With an 11-1 in favor of guilty (so 11 people must have thought there was enough evidence) the state would be foolish to not retry this case.

    CountryBoyz - many people charged, but not convicted of a crime sit in prison. There is this thing called bail - and depending on the nature of the crime it can be small, large, or none at all. If Janet had been your daughter I don't think you would want the person charged with her murder out and about while waiting for trial - or retrial (especially when 11 out of 12 jurors thought the person was guilty of first degree murder).

  • Lucas Turner Jun 6, 3:30 p.m.

    RE: monami "It's so heartbreaking for Janet's family to have another agonizing wait and trial". Yes, it's also heartbreaking that Raven, his family and son have to have another agonizing wait and trial.

  • Obamacare for life Jun 6, 3:30 p.m.

    "Yeah, agreed. They should just let the guy go, because they do not have a shred of real evidence even have how many years?"
    paulej

    lol!! Committing murder is easy in North Carolina. Just destroy the CSI evidence and the hard evidence craving jurors will let you walk. Wow.

  • Ven Jun 6, 3:09 p.m.

    Dumb all the way around. The defense will always be able to say there's doubt thanks to the hold-out (regardless of the count). They just had to wait for a true sweetheart deal - offering 20+ years with admitting guilt is as good as a life sentance, so why bother?

  • CountryBoyz Jun 6, 2:56 p.m.

    If a jury hasn't convicted him of the crime, they need to let him go. I don't know if he did it or not, but seems to be little evidence. Why would he be in prison, presumed guilty, and have to stay there six months waiting on a new trial when we should be innocent until proven guilty?

  • monami Jun 6, 2:53 p.m.

    It's so heartbreaking for Janet's family to have another agonizing wait and trial. It's wrong to reward a murderer for trying to prevent evidence from being found when he carefully premeditates his wife's murder. The plea deal was a reward. I'm glad he didn't take it. His sociopathic arrogance will catch up with him...too bad Janet's family has to wait until January.

  • kweb1013 Jun 6, 2:52 p.m.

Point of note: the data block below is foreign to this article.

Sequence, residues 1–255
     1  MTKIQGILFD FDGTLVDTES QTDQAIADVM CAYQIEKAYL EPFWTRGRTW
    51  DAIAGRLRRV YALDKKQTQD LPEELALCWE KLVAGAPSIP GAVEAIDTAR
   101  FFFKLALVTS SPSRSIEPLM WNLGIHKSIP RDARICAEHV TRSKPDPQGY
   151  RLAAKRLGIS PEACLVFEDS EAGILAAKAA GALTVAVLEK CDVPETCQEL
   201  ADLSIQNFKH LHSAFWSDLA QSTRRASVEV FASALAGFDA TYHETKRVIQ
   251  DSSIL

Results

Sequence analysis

What a waste of time. Let's spend more money on an innocent man. the police have no real evidence.

  • paulej Jun 6, 2:41 p.m.

    "lets waste more tax payers money" --WLDPIG

    Yeah, agreed. They should just let the guy go, because they do not have a shred of real evidence even have how many years?

  • VickLo Jun 6, 2:36 p.m.

    Oh... I have seen perjury done in the most blatant way. These courts don't mind it a bit. Take that to the bank.

    He is just going to make NC spend our money.

  • jay82308 Jun 6, 2:36 p.m.

    raggy831 - I believe one of his fellow soccer players said he was at the game, but was a few minutes late. So, I guess the prosecution is insinuating that he had time to kill her before he went to the game. My biggest thing is, I want to know where the evidence is that puts him at the crime scene. Not just the circumstantial stuff.

  • Proud Young Grandma Jun 6, 2:32 p.m.

    Raggy831 - probably because there is this little thing called perjury! :-)

  • raggy831 Jun 6, 2:25 p.m.

    My question would be, if he was playing soccar why don't his buddies come forward and tell the court? Then he would be able to prove where he was.

  • Obamacare for life Jun 6, 2:10 p.m.

    The man is a sociopath, there is no way he'd agree to a plea deal as he's so delusional he probably believes in his own innocence at this point.

  • jscott13 Jun 6, 2:09 p.m.

    He did it and he made a big mistake in turning down the deal.

  • WLDPIG Jun 6, 2:08 p.m.

    lets waste more tax payers money

  • sflicker2 Jun 6, 2:00 p.m.

    I don't see anything but speculation by the police. Whereas the evidence he committed the crime.

  • luvbailey Jun 6, 1:46 p.m.

    Very dangerous decision on his part. I think the next jury will convict. Then he's in for the rest of his life.

  • federalsales2 Jun 6, 1:46 p.m.

    Why waste tax payer money again. January 13th is a long time...

  • Proud Young Grandma Jun 6, 1:39 p.m.

    I believe if the DA lets the next jury decide on either first degree or second degree murder, Raven will be convicted. He probably would have been convicted this time if other options were available. Maybe (I am just guessing here) the lone holdout didn't believe the murder was premeditated and therefore would not vote to convict on first degree murder. I guess time will tell what happens......

  • whoami Jun 6, 1:39 p.m.

    I too would turn down a plea if I was not guilty, and if the only evidence the state presented was "we cannot think of anyone else who might have done it".

  • Obamacare for life Jun 6, 1:34 p.m.

    Wonder how many soccer buddy jurors he'll get in trial #2.